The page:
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  15. DF1

    DF1 Two Time F1 World Champ
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    Vettel did much to himself to lose 2 possible titles. Alone in the car. Judgement over time is he caused more issues than the team, who did cause issues. Kimi was destroyed by FA and was never a threat to Vettel. Vettel has been booted out of 2 teams by faster younger team-mates, a 100% defeat rate by Ricci and Charles. He is a weak 4x WDC. Webber was a minor challenge.

    Again his time at Ferrari has only damaged his reputation, not help overall.
     
  16. Natkingcolebasket69

    Natkingcolebasket69 F1 Veteran
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    And raikonen? A minor challenge too? Beat him every year last I checked.


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  17. DF1

    DF1 Two Time F1 World Champ
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    Yes Vettel beat Kimi. Who was never ever a factor upon return to Ferrari, Kimi. Kimi was abused by FA and beaten by Vettel. Vettel had it easy at Ferrari.
    Kimi at Ferrari was very much a Bottas-LH situation at Mercedes. Vettel had no challenge.

    When faced with defeat Vettel has run away and now fired. Not a superb legacy. Vettel has much to make up this year. His reference is Stroll LOL! Wow!
     
  18. Natkingcolebasket69

    Natkingcolebasket69 F1 Veteran
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    I think Vettel was a great driver but for some reason he lost it and now we have people like yourselves (and I agree) questioning his worthiness as a 4WDC.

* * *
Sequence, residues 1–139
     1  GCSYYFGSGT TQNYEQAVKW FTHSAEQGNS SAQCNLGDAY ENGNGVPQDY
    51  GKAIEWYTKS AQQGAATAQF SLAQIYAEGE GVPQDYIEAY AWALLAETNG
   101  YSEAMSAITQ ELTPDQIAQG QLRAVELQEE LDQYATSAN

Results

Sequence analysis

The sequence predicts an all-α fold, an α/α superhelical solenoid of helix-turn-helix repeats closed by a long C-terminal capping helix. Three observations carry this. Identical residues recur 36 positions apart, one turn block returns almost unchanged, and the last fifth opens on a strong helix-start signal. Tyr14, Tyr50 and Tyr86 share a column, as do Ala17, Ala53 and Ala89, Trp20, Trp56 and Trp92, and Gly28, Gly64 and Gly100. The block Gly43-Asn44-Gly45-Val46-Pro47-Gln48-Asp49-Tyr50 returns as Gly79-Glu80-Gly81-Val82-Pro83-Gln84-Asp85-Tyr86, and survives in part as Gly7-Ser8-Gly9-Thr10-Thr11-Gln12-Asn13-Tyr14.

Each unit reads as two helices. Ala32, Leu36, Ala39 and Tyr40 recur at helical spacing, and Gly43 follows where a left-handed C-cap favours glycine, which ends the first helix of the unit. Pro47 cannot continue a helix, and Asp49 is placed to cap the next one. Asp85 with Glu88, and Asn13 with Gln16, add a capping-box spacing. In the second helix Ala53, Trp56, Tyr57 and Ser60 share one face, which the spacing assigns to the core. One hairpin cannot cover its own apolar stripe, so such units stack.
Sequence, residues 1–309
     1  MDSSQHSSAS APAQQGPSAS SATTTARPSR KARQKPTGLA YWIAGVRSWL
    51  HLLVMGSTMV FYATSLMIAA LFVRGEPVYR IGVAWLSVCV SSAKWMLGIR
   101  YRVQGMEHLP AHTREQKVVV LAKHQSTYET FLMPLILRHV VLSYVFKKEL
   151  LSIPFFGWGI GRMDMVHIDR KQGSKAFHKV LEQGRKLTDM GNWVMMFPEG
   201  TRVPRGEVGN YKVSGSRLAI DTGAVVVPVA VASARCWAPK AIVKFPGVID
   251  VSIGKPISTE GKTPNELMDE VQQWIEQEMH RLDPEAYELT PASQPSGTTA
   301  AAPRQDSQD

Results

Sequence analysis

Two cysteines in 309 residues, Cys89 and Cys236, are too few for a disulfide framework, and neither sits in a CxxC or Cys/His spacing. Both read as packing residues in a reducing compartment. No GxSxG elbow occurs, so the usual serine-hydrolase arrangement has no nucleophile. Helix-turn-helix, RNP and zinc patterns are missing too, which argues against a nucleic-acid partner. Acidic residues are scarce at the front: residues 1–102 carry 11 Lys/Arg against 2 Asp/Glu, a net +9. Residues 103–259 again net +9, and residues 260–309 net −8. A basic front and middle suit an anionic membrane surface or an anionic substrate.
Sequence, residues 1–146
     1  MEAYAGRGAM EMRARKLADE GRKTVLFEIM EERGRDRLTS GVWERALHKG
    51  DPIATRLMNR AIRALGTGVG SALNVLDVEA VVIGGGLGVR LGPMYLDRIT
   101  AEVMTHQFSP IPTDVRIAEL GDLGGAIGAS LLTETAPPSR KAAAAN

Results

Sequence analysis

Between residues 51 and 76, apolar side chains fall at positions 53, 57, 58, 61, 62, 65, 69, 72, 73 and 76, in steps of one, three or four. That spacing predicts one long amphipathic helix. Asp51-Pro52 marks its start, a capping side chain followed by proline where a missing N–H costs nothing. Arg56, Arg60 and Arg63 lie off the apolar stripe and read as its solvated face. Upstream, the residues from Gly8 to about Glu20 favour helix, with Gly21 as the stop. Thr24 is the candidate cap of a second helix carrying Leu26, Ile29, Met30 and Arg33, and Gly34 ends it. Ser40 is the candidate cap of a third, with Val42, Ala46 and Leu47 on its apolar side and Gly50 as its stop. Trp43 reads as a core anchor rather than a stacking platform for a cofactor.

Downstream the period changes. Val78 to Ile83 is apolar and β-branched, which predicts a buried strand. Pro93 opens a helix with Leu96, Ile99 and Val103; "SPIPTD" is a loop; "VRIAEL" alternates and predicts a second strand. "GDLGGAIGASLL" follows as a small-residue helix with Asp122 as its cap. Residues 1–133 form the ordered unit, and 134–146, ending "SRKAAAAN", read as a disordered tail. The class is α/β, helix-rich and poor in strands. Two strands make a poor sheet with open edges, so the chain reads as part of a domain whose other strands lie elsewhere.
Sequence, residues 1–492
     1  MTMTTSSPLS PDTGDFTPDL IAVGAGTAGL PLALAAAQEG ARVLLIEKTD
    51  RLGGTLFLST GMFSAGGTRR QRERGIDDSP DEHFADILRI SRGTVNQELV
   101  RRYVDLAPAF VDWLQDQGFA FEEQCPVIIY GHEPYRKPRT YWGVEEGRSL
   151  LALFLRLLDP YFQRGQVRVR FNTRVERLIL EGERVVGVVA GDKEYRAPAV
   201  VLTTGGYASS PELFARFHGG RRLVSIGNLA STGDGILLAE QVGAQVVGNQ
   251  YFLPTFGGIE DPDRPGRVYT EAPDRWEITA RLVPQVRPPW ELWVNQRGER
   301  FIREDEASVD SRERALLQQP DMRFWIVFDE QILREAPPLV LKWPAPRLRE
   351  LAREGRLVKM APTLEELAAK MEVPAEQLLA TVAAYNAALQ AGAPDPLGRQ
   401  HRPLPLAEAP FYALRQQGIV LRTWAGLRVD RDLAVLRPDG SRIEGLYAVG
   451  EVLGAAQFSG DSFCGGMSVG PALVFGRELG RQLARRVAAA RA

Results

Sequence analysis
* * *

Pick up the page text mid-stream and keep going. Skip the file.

The thing with f1 is that it’s hard to explain why and what someone loses it.
    For instance take basketball: ur favorite player tears his ACL or takes abuse every game he plays he will go downhill.
    For f1 and vettel; it’s hard to pinpoint what happened
    Either he was overrated which is possible or mentally his focus, motivation, his reflexes, stamina etc went down.
    I think a bit of both personally.


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  19. jpalmito

    jpalmito F1 Rookie

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  20. DF1

    DF1 Two Time F1 World Champ
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    Under pressure Vettel has failed, rushed moves on lap 1 more than once in recent years. He just makes poor tactical decisions early rather than drive soundly and let the race develop to him when needed. His move on LH in Italy ended his title chance on lap 1. Just 1 example. He repeats such things with regularity in 17-18. In 19 and 20 the car was not perfect and he failed to out pace Charles. His melt-down on the radio in Mexico was the end of my support. He was beyond un-professional and became a joke to me. His antics on LH in Baku were simply pathetic. Sorry but he has a history of poor decisions going back to RedBull with Mark.
     
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  21. Natkingcolebasket69

    Natkingcolebasket69 F1 Veteran